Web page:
The FCA award loosened the ever-present noose that hangs over creative people these days with the question 'How can I go on doing what I do?' The award even allowed me to take a vacation. Maybe that's not its primary purpose, but it certainly engendered a space for reflection and renewal. Many thanks.
- Yvonne Rainer, January 19, 2016
My overall M.O. can be described as an attempt to juxtapose and interweave materials or contents that aren't usually seen together, such as an abstract dance move and simultaneously recited political screed, or a filmic image and superimposed unrelated title. I appreciate the ability of the audience to follow two or more parallel or interrupted trajectories that intersect and sometimes collide with unexpected results, or a collision of the personal and political carried to unpredictable lengths. My films focus on issues of race, gender, and sexual identity. As a choreographer, I continue to combine diverse sources of movement with specific social and political concerns conveyed through language. Although my recent choreography cannot be said to have a unifying theme, aging is an important component, as subtext and actuality.
- December 2014
Choreographer and filmmaker Yvonne Rainer trained with Martha Graham and Merce Cunningham as a dancer, and was a co-founding member of the Judson Dance Theater in 1962. She sought to blur the lines between performers and non-performers, and incorporated gestures and pedestrian movements, as well as classical dance steps and theatricality into her choreography. Her body of work has been to multiple disciplines and movements including dance, film, minimalism, conceptual art, and postmodernism.
In 1972, Rainer transitioned to filmmaking following a fifteen-year career as a choreographer and dancer from 1960 to 1975. After making seven experimental feature films including Lives of Performers (1972), Privilege (1990), MURDER and murder (1996), she returned to dance in 2000 with a commission from the Baryshnikov Dance Foundation for the White Oak Dance Project titled After Many a Summer Dies the Swan. Since then, Rainer has choreographed works such as AG Indexical, with a little help from H.M. (2006), RoS Indexical (2007), a Performa07 commission, Spiraling Down (2008), Assisted Living: Good Sports 2 (2011), and Assisted Living: Do You Have Any Money? (2013).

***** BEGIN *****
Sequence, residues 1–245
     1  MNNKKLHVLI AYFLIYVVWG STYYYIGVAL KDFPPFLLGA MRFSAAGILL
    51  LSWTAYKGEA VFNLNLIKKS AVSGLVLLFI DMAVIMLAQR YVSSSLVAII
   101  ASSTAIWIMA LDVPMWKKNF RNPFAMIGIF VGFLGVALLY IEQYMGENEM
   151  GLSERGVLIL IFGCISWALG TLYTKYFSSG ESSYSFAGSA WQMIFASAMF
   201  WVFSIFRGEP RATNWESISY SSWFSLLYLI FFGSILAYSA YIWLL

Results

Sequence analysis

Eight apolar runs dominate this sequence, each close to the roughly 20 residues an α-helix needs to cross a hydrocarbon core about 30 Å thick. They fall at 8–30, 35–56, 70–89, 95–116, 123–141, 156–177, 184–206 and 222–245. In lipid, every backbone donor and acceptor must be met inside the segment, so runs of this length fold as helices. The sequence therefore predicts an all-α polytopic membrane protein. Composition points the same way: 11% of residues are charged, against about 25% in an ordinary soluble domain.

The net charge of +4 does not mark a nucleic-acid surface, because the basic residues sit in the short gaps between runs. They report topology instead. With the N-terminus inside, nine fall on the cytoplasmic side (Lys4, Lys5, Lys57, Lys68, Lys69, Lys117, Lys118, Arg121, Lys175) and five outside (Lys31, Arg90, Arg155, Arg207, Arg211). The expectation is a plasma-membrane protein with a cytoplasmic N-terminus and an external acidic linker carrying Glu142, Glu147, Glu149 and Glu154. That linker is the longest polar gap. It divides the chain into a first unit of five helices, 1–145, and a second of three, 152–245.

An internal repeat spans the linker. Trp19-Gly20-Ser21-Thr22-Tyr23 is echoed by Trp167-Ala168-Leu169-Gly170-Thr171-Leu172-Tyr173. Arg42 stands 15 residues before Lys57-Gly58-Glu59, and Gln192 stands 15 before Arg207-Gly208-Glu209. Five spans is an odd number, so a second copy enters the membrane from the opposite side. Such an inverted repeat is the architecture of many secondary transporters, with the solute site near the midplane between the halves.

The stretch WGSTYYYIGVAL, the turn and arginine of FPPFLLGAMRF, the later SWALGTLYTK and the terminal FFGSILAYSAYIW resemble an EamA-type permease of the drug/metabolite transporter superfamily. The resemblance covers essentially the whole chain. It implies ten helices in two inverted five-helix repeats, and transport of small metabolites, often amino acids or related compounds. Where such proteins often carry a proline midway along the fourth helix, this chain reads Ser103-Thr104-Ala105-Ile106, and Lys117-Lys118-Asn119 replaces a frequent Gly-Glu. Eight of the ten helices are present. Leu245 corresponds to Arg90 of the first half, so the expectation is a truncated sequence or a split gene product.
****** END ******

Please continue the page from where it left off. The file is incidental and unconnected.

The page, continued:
With the support of her 2015 Grants to Artists award, Rainer premiered The Concept of Dust, or How do you look when there's nothing left to move at The Museum of Modern Art, New York. This work involves seven performers, including Rainer, in movement configurations and readings by the performers; it was later performed at Teatro Sociale, Como; Le Louvre, Paris; and Danse Objectiv Marseilles.
Her dances and films have been shown worldwide at venues including Anderson Theater, the Whitney Museum of American Art, the Guggenheim Museum, New York Film Festival, the Brooklyn Academy of Music, Dance Theater Workshop, Danspace Project, and the Museum of Modern Art.
Prior to her Merce Cunningham Award, Rainer received several National Foundation for the Arts Grants, two John Simon Guggenheim Memorial Foundation Fellowships, a MacArthur Fellowship (1990), a Wexner Prize (1995), The Rockefeller Foundation, Arts and Humanities Grant (1996), the and retrospective exhibitions at Kunsthaus Bregenz and Museum Ludwig, Cologne (2012), the Getty Research Institute, Los Angeles, Raven Row, London (2014), and the Jeu de Paume and Ferme du Boisson in Paris (2014), and the Distinguished Artist for a Lifetime Achievement Award from the College Art Association (2014).
A memoir, Feelings Are Facts: a Life, was published by MIT Press in 2006. A selection of her poetry was published in 2011 by Paul Chan's Badlands Unlimited. She is a Distinguished Professor Emerita of Studio Art at the University of California, Irvine.